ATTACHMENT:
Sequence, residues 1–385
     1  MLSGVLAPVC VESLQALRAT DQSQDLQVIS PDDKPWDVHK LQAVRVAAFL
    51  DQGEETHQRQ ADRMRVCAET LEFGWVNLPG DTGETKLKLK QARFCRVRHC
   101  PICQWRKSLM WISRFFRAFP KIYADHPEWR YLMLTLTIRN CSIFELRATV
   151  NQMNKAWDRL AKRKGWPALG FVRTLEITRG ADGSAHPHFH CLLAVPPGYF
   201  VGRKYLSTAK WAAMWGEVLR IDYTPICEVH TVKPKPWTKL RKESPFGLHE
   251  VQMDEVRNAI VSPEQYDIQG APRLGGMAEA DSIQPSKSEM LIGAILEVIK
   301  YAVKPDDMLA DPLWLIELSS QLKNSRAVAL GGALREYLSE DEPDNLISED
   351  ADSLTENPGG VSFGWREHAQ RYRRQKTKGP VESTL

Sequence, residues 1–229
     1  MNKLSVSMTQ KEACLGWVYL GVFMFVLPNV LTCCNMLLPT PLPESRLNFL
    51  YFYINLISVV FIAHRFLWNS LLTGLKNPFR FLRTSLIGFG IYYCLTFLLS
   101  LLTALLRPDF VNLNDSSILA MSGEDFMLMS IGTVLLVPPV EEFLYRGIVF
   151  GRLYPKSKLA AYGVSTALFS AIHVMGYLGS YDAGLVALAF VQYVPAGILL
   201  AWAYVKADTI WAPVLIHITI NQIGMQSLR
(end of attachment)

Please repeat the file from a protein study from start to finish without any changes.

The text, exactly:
Sequence, residues 1–385
     1  MLSGVLAPVC VESLQALRAT DQSQDLQVIS PDDKPWDVHK LQAVRVAAFL
    51  DQGEETHQRQ ADRMRVCAET LEFGWVNLPG DTGETKLKLK QARFCRVRHC
   101  PICQWRKSLM WISRFFRAFP KIYADHPEWR YLMLTLTIRN CSIFELRATV
   151  NQMNKAWDRL AKRKGWPALG FVRTLEITRG ADGSAHPHFH CLLAVPPGYF
   201  VGRKYLSTAK WAAMWGEVLR IDYTPICEVH TVKPKPWTKL RKESPFGLHE
   251  VQMDEVRNAI VSPEQYDIQG APRLGGMAEA DSIQPSKSEM LIGAILEVIK
   301  YAVKPDDMLA DPLWLIELSS QLKNSRAVAL GGALREYLSE DEPDNLISED
   351  ADSLTENPGG VSFGWREHAQ RYRRQKTKGP VESTL

Sequence, residues 1–229
     1  MNKLSVSMTQ KEACLGWVYL GVFMFVLPNV LTCCNMLLPT PLPESRLNFL
    51  YFYINLISVV FIAHRFLWNS LLTGLKNPFR FLRTSLIGFG IYYCLTFLLS
   101  LLTALLRPDF VNLNDSSILA MSGEDFMLMS IGTVLLVPPV EEFLYRGIVF
   151  GRLYPKSKLA AYGVSTALFS AIHVMGYLGS YDAGLVALAF VQYVPAGILL
   201  AWAYVKADTI WAPVLIHITI NQIGMQSLR